You may notice how quiet it is on the blog. That's because I was in Milan last week and spent some memorable time at the EXPO. Here are some highlights as well as tips for those who will be attending.
Over two days, I dropped by 15 or so pavilions and had three meals. Of these, the two most impressive presentations are Vietnam and Austria.
Here is the front of the Vietnam pavilion:
This design is not as elaborate and effusive as some others but it serves its purpose: I was sufficiently attracted to step foot into the building. This is quite an accomplishment, considering that about 140 countries have set up presence along the main route known as the Decumano. In two days, I only saw 10 percent of the exhibitions but I'm really glad I picked Vietnam.
Vietnam basically ignored the theme of the EXPO, which is feeding the planet. Unlike others, I don't think every presentation needs to follow the food theme. It gets boring to see one presentation after another about farming, health and so on. Vietnam decided to offer three concerts a day in which the performers play traditional musical instruments that I haven't encountered before. I was amazed how the stone pieces of this xylophone could be struck to make some very pleasant music:
There were four or five other instruments on display. I stayed for two of them and had to get going. I love the Vietnam presentation because I was entertained and I also learned something new.
On the second day, I came back for some Vietnamese food, which is served at the back of the stage. Go for the summer rolls. If you are into fried foods, the spring rolls and the fried shrimp look like safe bets. The rest of the food didn't appeal to me.
The next surprise was Austria. The exterior of Austria's building wasn't that remarkable so it was more of a random choice, perhaps driven by the lack of lines. You may notice a pattern here: I had the best time at the pavilions that are less popular. The most popular ones seem disappointing, and many of them have hour-long waits, even during the day on weekdays, that I did not partake.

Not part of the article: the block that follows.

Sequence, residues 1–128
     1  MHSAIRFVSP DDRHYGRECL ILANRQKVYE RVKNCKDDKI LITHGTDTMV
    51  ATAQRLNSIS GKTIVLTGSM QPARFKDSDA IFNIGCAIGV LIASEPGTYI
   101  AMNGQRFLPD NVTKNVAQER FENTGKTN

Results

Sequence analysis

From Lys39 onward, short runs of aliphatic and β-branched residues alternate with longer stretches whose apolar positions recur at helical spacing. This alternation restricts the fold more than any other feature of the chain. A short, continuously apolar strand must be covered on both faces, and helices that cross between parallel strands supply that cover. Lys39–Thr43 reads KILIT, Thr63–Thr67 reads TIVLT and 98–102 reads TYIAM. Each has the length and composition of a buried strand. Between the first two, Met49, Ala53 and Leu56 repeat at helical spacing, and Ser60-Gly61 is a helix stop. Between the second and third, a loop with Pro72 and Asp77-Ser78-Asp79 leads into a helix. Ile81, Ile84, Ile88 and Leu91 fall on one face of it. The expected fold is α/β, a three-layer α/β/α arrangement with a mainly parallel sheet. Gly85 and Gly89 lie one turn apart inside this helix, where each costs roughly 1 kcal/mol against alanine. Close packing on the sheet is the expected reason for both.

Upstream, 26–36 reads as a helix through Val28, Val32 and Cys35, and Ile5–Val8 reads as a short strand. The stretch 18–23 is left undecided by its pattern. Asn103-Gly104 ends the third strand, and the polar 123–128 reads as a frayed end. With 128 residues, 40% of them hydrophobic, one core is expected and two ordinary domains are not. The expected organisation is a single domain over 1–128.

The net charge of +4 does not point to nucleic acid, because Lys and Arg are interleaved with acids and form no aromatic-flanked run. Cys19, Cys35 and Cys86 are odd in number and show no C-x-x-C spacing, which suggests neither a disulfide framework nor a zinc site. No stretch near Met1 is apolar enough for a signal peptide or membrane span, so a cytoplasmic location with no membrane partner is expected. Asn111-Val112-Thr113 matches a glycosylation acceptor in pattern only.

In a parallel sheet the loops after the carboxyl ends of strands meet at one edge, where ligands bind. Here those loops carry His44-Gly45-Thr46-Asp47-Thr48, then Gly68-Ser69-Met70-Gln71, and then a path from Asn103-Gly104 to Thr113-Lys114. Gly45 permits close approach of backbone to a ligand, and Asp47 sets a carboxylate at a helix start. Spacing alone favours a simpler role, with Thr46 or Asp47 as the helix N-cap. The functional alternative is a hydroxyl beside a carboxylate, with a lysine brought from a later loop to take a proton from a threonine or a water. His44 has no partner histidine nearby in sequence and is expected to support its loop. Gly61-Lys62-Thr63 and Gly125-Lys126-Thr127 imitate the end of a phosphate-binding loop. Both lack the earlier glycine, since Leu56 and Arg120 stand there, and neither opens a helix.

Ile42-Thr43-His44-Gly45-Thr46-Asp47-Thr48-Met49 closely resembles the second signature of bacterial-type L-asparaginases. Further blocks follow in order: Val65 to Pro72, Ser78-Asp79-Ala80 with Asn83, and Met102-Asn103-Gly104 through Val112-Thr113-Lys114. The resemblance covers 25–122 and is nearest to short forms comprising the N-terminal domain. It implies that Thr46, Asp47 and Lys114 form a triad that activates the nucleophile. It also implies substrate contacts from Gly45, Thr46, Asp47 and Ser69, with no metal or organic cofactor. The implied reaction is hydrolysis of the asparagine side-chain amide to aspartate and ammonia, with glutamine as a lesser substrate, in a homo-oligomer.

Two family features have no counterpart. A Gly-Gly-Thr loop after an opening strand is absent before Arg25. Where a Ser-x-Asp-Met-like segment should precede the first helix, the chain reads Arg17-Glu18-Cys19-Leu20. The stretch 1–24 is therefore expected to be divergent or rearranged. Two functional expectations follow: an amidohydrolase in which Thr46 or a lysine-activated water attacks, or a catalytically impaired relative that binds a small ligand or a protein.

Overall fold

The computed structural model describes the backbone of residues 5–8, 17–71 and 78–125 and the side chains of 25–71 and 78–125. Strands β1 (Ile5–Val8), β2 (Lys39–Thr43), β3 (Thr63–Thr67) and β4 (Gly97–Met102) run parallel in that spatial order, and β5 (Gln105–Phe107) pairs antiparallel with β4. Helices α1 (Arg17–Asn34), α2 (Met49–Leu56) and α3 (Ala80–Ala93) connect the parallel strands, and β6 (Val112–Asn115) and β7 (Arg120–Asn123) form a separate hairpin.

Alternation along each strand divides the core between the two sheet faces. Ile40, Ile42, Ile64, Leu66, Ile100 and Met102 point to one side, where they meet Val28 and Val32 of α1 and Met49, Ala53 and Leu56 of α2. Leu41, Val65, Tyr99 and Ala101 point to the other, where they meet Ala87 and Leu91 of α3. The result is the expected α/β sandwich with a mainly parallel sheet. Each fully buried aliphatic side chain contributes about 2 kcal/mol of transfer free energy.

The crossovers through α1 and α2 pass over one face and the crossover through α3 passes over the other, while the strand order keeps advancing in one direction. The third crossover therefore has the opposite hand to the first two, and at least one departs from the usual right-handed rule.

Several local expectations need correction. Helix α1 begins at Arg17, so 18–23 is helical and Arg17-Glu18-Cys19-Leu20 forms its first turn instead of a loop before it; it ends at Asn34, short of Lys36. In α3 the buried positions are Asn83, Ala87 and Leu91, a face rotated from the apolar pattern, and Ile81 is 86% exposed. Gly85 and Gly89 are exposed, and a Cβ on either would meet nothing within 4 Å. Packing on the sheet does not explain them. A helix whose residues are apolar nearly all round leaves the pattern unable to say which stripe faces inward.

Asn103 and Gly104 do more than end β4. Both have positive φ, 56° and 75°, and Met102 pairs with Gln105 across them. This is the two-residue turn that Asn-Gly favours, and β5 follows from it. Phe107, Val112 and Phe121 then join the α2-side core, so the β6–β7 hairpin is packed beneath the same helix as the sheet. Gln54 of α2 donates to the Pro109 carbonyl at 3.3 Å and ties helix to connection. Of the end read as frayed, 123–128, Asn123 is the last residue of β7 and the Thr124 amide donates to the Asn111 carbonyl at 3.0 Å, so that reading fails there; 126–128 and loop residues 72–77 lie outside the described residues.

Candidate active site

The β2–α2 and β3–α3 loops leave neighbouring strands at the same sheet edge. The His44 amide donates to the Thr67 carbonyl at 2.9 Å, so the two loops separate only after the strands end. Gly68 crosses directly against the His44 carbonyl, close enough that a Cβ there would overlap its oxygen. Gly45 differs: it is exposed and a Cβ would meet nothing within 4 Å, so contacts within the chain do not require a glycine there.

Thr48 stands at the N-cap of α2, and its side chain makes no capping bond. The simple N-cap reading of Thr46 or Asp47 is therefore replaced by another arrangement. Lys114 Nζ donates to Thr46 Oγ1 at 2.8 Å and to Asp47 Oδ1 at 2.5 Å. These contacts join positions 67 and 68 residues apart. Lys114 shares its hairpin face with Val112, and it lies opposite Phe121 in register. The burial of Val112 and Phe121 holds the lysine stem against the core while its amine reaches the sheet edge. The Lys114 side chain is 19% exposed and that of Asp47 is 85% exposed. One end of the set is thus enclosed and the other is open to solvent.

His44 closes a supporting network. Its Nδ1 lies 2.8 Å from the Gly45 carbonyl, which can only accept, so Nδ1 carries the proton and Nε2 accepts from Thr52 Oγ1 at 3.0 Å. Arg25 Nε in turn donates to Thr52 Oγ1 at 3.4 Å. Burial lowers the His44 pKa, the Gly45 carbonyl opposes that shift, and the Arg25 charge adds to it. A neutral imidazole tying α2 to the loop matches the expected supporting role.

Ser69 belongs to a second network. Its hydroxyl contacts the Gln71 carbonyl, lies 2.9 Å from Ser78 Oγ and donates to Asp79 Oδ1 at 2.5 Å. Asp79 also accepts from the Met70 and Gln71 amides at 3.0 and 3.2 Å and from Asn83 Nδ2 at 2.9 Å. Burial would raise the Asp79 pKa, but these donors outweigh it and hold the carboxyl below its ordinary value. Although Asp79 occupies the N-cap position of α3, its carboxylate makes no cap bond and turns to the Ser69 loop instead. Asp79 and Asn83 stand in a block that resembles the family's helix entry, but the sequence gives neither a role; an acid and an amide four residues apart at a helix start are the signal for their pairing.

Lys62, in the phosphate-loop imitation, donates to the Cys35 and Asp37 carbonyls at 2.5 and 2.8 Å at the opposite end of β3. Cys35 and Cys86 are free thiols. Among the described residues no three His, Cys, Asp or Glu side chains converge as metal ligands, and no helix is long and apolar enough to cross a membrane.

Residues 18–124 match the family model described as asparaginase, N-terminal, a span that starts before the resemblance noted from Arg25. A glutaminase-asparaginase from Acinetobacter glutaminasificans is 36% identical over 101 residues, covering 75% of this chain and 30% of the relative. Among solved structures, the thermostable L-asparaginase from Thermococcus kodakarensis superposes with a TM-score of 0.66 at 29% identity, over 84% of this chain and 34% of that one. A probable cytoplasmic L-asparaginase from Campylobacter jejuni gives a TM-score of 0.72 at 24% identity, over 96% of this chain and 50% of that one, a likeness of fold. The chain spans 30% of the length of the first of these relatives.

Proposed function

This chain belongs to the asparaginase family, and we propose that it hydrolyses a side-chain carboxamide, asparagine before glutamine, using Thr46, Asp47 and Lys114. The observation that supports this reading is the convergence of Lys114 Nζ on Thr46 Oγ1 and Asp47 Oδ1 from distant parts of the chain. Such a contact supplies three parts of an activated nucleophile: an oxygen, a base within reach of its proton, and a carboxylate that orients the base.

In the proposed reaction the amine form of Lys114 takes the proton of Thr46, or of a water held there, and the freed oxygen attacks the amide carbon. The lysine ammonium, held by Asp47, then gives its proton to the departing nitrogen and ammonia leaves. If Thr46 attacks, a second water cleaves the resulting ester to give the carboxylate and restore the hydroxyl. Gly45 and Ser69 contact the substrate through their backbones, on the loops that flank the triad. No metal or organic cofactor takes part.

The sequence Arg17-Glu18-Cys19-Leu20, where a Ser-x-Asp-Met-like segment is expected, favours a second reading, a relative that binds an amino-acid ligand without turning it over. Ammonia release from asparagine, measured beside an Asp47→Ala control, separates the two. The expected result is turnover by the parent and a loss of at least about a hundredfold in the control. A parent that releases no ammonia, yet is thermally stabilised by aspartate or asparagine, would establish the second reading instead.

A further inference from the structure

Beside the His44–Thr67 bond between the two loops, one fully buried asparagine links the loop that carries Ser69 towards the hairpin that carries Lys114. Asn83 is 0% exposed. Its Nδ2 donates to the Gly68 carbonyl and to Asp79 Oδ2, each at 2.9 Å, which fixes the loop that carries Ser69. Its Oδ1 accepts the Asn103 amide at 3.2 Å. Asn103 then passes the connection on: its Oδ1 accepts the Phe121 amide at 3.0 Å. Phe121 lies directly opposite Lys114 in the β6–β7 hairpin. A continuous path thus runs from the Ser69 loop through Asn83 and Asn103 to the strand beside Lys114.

The designer of the Austrian presentation noticed the word EAT embedded in BREATHE. They went with a theme about air. They proclaimed that you can live five days without food but only five minutes without air (I don't recall the exact numbers they used but you get the idea). The cynic in me said: nice way to change the subject from food to air! That said, I appreciate that some sites did not find it necessary to follow the theme literally.
They created a world of its own. You are led through a "forest" at the end of which they cool you down with some dry ice. This is a very refreshing experience both mentally and physically. The summer in Milan is hot so you need to cool down once in a while.
In the middle of the route is a small snacks area where they serve traditional Austrian food. My friend and I had some meatballs with deer meat, which is served with some caramelized apple cubes and a creamy celery paste. Those items really did go well together. The apple strudel looked amazing but was a bit overpriced (5 or 6 Euros for a thin slice). If you go to the Austria pavilion, I highly recommend picking up a snack or two.
The organizers must be commended for their simple and effective site design. The entire EXPO is laid out along one long main route called the Decumano. It is supremely easy to navigate. It is simply not possible to get lost. It's approximately a 30-minute fast-paced walk end to end.
Also, the entire route is sheltered. I can't emphasize how important this is to keep out the sun (and if you are so unlucky, the rain).
Some of the other pavilions that left a good impression: